Similar to Fidelity, Wealthfront and other cash management accounts, SoFi Money holds its customer’s deposits with partner banks, in multiple FDIC-insured accounts. SoFi’s six partner banks offer customers up to $1.5 million in FDIC insurance. SoFi Money charges no monthly or transaction fees.

Who should get a Fidelity Cash Management Account?

The target market for the Fidelity Cash Management Account is existing Fidelity customers. The convenience of having your money swept into FDIC-insured bank accounts, with easy access to your investment account has real value. So does the ATM access, which isn’t always found with cash management accounts from competing brokers.

However, Fidelity’s ATM reimbursement policy makes the account of added interest to anyone looking for a place to store cash in a readily accessible, interest-bearing account seeking to avoid ATM fees.

An important thing to note is that although Fidelity’s Cash Management Account APY is much higher than that paid by large, traditional banks, it pales in comparison to those paid by other cash management accounts and online savings accounts.

The bottom line is that the Fidelity Cash Management Account can be a good option for existing Fidelity customers, and it’s a definite step up from the rates paid by traditional banks. However, those seeking the highest APYs may prefer alternatives.

Advertiser Disclosure: The products that appear on this site may be from companies from which MagnifyMoney receives compensation. This compensation may impact how and where products appear on this site (including, for example, the order in which they appear). MagnifyMoney does not include all financial institutions or all products offered available in the marketplace.

John Csiszar
John Csiszar |

John Csiszar is a writer at MagnifyMoney. You can email John here

Advertiser Disclosure


Review of Evercore Wealth Management

Editorial Note: The content of this article is based on the author’s opinions and recommendations alone and is not intended to be a source of investment advice. It has not been previewed, commissioned or otherwise endorsed by any of our network partners.

Evercore Wealth Management is a registered investment advisor (RIA) that specializes in investment advisory services for high net worth individuals, families and legal entities, such as trusts. The firm, which has 50 investment advisors on staff, typically only works with clients who have at least $5 million in investable assets. It currently has a little over $7.5 billion in assets under management (AUM). The firm’s headquarters is in New York City, but it also has locations in Minneapolis, San Francisco and both Palm Beach and Tampa, Fla.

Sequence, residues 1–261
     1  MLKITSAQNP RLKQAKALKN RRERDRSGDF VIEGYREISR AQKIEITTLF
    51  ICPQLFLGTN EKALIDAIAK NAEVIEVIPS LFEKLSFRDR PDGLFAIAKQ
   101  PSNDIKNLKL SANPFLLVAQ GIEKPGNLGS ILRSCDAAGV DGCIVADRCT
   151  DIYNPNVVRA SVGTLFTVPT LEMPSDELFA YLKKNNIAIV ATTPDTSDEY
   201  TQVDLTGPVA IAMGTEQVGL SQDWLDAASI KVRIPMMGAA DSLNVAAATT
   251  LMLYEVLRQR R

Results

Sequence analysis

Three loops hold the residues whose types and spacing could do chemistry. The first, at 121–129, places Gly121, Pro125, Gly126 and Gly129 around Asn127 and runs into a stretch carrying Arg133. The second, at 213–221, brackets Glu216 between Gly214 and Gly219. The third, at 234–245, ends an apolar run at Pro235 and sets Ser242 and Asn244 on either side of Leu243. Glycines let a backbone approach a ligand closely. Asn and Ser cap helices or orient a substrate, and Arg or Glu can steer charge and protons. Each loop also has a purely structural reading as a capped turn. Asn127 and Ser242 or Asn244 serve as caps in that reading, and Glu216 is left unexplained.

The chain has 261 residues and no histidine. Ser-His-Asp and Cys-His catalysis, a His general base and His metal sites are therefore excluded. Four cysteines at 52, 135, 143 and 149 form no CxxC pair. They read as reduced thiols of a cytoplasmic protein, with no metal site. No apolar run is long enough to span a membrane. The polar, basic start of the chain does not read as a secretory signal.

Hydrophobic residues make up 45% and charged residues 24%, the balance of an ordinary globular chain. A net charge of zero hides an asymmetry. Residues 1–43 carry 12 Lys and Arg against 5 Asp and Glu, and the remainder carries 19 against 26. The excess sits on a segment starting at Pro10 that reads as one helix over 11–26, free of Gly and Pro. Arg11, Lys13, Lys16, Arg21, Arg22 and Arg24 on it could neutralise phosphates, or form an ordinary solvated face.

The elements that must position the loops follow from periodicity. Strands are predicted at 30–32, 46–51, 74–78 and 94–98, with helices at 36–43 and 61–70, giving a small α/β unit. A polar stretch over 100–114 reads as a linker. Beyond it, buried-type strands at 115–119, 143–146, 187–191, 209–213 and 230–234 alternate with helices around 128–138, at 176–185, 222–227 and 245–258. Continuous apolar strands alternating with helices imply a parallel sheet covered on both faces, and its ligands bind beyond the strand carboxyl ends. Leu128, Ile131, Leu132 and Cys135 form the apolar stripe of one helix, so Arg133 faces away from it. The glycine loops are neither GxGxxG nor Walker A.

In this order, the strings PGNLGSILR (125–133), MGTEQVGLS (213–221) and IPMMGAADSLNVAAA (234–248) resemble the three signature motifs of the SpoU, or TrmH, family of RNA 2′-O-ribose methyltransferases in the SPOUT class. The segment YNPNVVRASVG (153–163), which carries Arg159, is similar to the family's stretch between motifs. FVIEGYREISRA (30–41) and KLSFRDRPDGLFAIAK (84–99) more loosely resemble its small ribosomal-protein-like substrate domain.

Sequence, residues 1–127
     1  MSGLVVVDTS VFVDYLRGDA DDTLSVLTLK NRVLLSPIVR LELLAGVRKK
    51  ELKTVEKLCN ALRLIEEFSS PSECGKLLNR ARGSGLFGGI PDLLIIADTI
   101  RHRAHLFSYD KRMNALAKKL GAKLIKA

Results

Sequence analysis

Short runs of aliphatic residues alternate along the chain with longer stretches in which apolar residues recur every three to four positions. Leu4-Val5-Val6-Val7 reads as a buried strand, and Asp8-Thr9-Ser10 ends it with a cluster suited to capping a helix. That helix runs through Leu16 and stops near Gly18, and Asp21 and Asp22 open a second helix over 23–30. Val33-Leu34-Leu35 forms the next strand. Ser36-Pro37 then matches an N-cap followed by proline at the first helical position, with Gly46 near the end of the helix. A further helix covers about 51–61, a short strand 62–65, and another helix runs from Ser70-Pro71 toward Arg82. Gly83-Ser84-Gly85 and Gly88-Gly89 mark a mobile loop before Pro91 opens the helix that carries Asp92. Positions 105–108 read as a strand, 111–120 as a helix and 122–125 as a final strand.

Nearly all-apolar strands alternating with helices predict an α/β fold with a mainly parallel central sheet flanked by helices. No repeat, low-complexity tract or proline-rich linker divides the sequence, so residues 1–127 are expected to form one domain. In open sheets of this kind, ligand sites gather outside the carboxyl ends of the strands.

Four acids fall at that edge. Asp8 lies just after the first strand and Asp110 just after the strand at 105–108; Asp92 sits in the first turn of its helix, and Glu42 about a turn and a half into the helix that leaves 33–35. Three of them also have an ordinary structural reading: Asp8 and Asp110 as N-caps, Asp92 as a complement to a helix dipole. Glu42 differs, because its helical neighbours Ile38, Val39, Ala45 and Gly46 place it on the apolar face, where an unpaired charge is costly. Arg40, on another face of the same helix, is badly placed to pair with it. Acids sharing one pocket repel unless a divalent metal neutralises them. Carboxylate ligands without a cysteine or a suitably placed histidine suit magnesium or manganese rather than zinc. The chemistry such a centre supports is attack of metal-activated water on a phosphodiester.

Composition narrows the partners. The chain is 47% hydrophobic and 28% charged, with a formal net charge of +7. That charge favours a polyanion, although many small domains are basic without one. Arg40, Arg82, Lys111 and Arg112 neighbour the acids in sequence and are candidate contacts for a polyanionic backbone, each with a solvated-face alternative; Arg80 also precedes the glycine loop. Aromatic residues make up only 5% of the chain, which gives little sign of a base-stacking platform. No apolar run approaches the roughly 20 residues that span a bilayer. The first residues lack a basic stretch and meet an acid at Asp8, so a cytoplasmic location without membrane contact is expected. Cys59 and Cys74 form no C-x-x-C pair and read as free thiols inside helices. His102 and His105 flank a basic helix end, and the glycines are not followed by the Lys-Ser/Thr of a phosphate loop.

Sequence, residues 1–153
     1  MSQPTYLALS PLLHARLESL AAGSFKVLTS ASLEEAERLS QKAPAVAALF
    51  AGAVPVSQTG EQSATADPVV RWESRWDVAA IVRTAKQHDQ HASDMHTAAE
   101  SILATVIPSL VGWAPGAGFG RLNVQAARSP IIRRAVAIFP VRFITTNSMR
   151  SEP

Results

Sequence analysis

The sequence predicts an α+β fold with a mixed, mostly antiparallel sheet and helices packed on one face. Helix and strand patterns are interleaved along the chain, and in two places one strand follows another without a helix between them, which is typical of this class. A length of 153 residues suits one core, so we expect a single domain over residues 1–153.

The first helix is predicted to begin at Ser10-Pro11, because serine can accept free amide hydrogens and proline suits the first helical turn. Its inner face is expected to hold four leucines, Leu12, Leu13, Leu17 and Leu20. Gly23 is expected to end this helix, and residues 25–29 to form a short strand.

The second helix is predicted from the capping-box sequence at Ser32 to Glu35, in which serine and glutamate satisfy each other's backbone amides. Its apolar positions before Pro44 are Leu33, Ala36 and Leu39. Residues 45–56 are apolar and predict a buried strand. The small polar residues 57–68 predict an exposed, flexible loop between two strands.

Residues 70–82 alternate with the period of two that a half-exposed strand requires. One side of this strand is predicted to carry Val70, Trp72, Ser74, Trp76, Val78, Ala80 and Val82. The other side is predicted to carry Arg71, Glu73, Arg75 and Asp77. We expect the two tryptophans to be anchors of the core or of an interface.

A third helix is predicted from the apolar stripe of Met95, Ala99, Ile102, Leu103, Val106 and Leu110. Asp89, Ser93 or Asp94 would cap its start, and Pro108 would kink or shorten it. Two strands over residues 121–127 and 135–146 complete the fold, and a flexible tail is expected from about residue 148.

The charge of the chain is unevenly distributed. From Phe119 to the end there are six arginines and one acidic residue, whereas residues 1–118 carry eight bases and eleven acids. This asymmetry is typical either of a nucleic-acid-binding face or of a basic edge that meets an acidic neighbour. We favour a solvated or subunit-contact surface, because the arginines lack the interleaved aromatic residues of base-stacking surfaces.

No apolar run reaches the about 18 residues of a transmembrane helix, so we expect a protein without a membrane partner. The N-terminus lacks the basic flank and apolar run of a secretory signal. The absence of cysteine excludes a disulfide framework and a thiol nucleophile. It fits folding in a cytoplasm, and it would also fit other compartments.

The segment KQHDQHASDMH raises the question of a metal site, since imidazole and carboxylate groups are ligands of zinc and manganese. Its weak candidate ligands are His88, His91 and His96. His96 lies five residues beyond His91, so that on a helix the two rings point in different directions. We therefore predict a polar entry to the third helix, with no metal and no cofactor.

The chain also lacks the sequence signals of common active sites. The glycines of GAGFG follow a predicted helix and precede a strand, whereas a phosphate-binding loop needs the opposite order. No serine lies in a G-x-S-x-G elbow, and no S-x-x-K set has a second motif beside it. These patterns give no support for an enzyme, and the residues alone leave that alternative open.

All information included in this profile is accurate as of January 15th, 2020. For more information, please consult Evercore Wealth Management’s website.

Assets under management: $7,559,815,731
Minimum investment: $5 million
Fee structure: A percentage of AUM, ranging from 0.25% to 1.00%, depending on account size and investments
Headquarters:55 East 52nd Street
23rd Floor
New York, NY 10055
(212) 822-7620

Overview of Evercore Wealth Management

Evercore Wealth Management launched in September 2008. The firm is a subsidiary of Evercore, a global investment bank also based out of New York. Evercore founded Roger Altman in 1995; prior to the company’s founding, Altman was the co-head of investment banking for Lehman Brothers and served two years as deputy secretary of the U.S. Treasury in the Clinton administration.

Evercore owns 62.5% of Evercore Wealth Management. The remainder of the firm is owned by the partners of Evercore Wealth Management.

Evercore Wealth Management currently has over $7.5 billion in assets under management. The firm has 84 employees, of which 50 perform investment advisory services. Aside from investment advice, some of these advisors also provide trust fund services for their clients.

What types of clients does Evercore Wealth Management serve?

Evercore Wealth Management mostly works with high net worth individuals and families. Investors typically must have at least $5 million in investable assets in order to open an account with the firm. While Evercore Wealth Management’s SEC documents show that the firm does have a few non high net worth clients, the vast majority of its AUM comes from high net worth individuals. The SEC defines high net worth individuals as those with at least $750,000 in assets under management or a net worth believed to be at least $1.5 million.

Besides individuals, Evercore Wealth Management also serves entities that can meet their investment minimums, including trusts, estates, endowments, pension and profit-sharing plans, foundations, charitable organizations and insurance companies.

Services offered by Evercore Wealth Management